Saturday, July 4, 2009

What Ever Happened to the 56 Signers?

Have you ever wondered what happened to the 56 men who signed the Declaration of Independence?

British subjects at the time, they advocated the overthrow of the government for a free and independent America. It was, in fact, our first Civil War. These rebels signed the Declaration of Independence and pledged their lives, their fortunes, and their sacred honor to their new country.

Seventeen fought in the ensuing war. Thomas Nelson was a colonel in the Second Virginia Regiment and William Whipple served with the New Hampshire militia. Oliver Wolcott led the Connecticut regiments sent for the defense of New York and commanded a brigade of militia that took part in the defeat of General Burgoyne. Caesar Rodney was a Major General in the Delaware militia and John Hancock was the same in the Massachusetts militia.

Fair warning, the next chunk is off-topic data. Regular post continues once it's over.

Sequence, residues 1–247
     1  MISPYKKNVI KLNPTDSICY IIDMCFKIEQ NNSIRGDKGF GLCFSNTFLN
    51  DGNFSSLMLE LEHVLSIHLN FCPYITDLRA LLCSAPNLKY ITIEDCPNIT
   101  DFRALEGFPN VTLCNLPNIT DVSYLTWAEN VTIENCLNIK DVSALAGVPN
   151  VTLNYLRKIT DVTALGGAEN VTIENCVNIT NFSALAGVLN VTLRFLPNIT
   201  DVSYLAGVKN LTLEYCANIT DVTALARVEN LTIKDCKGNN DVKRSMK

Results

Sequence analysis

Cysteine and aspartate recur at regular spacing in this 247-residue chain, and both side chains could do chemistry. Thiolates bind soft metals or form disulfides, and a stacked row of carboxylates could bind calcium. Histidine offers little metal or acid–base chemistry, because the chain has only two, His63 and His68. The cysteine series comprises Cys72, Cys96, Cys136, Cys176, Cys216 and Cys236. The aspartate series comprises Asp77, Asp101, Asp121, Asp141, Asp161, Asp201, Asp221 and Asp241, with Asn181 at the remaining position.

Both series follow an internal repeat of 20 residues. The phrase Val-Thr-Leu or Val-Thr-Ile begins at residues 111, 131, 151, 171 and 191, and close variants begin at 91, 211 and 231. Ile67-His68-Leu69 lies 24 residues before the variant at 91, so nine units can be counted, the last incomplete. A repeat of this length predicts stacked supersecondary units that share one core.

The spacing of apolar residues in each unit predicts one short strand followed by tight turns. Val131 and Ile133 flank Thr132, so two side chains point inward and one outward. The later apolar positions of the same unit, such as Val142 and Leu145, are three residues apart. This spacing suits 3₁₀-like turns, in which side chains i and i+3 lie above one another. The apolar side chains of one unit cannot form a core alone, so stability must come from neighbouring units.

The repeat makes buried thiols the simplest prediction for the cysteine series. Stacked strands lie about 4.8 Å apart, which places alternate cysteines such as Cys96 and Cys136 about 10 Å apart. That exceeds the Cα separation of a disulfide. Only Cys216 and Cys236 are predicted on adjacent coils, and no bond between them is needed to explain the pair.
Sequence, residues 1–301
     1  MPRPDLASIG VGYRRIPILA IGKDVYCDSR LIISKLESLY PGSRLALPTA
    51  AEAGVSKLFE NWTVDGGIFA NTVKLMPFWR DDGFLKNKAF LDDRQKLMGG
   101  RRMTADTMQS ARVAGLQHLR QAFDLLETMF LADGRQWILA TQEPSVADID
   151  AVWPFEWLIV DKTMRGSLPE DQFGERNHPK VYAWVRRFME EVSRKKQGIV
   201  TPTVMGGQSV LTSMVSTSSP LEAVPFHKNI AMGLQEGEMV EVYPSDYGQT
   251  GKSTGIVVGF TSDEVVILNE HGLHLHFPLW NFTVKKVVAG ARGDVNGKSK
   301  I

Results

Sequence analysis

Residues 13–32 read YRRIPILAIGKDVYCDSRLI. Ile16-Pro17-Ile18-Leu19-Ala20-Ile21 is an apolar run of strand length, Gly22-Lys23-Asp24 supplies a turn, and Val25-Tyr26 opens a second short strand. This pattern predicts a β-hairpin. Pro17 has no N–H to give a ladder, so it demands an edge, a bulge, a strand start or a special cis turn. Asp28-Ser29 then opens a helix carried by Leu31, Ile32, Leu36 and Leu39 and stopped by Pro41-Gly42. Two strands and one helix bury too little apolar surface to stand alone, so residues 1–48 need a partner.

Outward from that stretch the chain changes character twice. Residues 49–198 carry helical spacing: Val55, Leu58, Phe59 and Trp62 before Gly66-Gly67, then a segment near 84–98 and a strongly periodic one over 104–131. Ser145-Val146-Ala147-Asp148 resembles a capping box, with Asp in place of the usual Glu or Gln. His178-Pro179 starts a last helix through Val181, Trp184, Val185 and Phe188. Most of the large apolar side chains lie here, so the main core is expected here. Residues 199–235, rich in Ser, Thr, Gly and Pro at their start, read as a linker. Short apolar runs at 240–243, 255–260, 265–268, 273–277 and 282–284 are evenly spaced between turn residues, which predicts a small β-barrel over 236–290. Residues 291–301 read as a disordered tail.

Five of the signers were captured by the British during the war although only Richard Stockton of New Jersey is said to have been imprisoned solely for having signed the Declaration of Independence. He died after a year after he was released. Colonel George Walton was wounded and captured at the Battle of Savannah and was exchanged for a British naval captain. Captains Edward Rutledge, Thomas Heyward, and Arthur Middleton were all captured during the siege of Charleston in 1780 and exchanged a year later, too late to protect their property which had been looted as had the properties of Hall, Clymer, Walton, Hooper and Gwinnett. Gwinnett later died in a duel with a political rival in Georgia in 1777.